Inferences: readers’ detective work

imagesWe’ve been reviewing Dr. Goodreader as we near the end of the school year.  Today we talked about inferences.  First, we discussed types of inferences:

  • Inferring word meaning from context clues,
  • Pronoun resolution:  For example, who does “he” refer to?,
  • Anaphoric resolution: For example,  knowing that computer and Dell refer to the same thing.,
  • Predictions:  inferring what may happen (these need to be reasonable, but it is not necessary that they are accurate),
  • Who’s talking inferences:  determing the speaker when dialogue isn’t labeled,
  • Spatial inferences:  inferring the spatial relationships of people and things,
  • Cause inferences:  inferring the cause of an event,
  • Time inferences:  inferring where you are in time whether involving flashbacks and flashforwards or simply a straight timeline,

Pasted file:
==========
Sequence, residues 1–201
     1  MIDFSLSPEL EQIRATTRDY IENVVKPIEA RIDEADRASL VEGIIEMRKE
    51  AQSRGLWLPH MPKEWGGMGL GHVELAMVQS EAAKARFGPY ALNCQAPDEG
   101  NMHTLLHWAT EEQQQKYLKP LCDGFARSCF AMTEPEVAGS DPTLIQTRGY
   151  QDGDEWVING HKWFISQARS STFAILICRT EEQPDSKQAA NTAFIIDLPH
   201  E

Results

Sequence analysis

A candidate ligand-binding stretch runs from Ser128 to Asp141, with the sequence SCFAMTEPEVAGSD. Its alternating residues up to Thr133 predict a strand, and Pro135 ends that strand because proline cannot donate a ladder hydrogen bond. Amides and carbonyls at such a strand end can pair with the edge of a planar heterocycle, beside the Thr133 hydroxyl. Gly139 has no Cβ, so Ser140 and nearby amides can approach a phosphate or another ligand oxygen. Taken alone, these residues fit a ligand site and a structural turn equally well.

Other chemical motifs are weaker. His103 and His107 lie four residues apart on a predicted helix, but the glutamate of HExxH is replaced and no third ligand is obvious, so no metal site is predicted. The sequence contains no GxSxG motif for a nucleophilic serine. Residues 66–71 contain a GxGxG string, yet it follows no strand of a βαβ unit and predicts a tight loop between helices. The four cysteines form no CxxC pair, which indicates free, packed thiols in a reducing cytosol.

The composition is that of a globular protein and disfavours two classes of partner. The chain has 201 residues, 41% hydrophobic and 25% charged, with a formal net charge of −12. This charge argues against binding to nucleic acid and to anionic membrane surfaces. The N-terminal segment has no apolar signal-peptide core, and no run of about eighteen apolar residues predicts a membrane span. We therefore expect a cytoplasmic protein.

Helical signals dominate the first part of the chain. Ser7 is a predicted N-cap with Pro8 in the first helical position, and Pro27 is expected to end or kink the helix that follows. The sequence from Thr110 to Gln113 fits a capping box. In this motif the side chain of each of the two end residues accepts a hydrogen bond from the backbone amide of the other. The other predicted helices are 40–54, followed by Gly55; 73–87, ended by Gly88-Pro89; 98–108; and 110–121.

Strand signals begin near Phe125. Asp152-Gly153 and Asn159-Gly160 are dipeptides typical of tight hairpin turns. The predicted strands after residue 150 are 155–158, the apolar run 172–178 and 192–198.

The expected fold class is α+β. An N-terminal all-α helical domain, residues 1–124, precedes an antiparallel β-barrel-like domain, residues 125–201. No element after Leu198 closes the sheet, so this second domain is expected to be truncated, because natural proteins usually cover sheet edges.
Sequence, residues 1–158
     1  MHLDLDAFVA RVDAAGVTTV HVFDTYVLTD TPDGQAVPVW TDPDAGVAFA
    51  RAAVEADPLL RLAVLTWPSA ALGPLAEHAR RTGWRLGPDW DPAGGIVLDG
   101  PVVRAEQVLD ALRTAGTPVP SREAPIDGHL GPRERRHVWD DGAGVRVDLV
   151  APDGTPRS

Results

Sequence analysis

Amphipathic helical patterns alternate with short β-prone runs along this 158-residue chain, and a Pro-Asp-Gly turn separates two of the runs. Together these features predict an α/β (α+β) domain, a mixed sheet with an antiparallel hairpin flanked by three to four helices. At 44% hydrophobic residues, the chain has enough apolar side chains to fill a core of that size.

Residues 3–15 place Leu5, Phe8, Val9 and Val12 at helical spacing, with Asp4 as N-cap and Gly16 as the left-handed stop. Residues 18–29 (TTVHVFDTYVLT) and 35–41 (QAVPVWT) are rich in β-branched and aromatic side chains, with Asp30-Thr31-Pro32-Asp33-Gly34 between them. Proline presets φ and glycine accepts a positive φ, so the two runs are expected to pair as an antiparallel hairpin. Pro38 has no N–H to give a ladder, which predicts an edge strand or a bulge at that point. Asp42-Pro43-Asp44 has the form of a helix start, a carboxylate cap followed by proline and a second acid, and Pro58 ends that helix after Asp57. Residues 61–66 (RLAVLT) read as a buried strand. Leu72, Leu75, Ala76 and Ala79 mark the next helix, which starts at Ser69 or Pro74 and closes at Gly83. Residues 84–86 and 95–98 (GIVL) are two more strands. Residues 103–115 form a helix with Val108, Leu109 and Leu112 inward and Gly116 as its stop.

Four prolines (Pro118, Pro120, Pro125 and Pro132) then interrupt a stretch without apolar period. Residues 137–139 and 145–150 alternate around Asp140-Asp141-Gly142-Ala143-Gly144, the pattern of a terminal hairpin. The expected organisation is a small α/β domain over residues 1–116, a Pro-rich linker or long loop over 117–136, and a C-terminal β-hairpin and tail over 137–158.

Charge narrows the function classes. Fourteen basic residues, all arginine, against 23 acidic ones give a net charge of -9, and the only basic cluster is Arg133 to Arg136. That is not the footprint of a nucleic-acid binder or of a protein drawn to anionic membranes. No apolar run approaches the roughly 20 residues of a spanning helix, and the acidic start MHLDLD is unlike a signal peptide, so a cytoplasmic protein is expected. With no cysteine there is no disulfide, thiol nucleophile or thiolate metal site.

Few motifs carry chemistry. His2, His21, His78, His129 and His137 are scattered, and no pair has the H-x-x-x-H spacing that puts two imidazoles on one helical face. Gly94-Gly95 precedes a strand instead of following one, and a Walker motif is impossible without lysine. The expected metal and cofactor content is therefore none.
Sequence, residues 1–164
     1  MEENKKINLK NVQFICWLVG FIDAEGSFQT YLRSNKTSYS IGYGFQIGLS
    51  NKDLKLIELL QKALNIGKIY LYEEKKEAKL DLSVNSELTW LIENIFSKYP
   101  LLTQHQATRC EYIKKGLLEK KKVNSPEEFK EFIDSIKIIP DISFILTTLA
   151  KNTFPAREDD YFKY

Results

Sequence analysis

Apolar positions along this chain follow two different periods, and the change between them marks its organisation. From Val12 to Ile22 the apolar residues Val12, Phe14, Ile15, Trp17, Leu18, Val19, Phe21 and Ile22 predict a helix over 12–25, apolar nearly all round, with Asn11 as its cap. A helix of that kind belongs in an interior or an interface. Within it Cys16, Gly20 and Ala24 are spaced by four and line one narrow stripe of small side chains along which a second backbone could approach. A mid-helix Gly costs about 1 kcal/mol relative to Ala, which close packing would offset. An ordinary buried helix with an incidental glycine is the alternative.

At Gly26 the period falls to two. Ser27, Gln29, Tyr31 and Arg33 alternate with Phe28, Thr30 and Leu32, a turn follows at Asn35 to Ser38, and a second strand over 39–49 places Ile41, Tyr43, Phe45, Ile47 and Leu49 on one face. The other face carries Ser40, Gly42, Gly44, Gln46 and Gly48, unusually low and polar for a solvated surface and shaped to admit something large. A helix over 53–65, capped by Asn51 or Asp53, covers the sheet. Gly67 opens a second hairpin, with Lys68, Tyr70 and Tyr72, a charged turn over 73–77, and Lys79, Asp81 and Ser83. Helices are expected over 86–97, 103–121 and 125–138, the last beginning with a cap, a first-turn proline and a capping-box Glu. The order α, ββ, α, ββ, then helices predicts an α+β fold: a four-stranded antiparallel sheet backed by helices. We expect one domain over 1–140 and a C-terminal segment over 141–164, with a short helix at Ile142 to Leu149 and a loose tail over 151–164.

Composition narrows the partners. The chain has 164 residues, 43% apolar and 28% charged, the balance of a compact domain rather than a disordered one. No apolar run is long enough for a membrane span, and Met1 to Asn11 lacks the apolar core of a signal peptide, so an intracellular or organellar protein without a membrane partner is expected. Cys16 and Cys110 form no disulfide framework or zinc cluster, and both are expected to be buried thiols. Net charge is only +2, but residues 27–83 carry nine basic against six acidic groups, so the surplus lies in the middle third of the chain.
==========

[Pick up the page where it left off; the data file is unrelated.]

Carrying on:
• Emotional inferences:  inferring the characters’ feelings and emotions or what happened given the feelings and emotions of the character,
  • Stretching inferences:  inferring the “whys” and the “what-do-you-think-happens-after-the-book-ends”,
  • Authorial inferences:  why do you think the author wrote this the way he/she did?

We didn’t call them by these names, necessarily.  We gave examples from books we’ve read and are reading.  Then we discussed WHY good readers make inferences.  I thought the kids came up with a pretty good list:

  • To be more involved in the book (especially with predictions),
  • To understand the book,
  • To learn about people,
  • To learn about writing.

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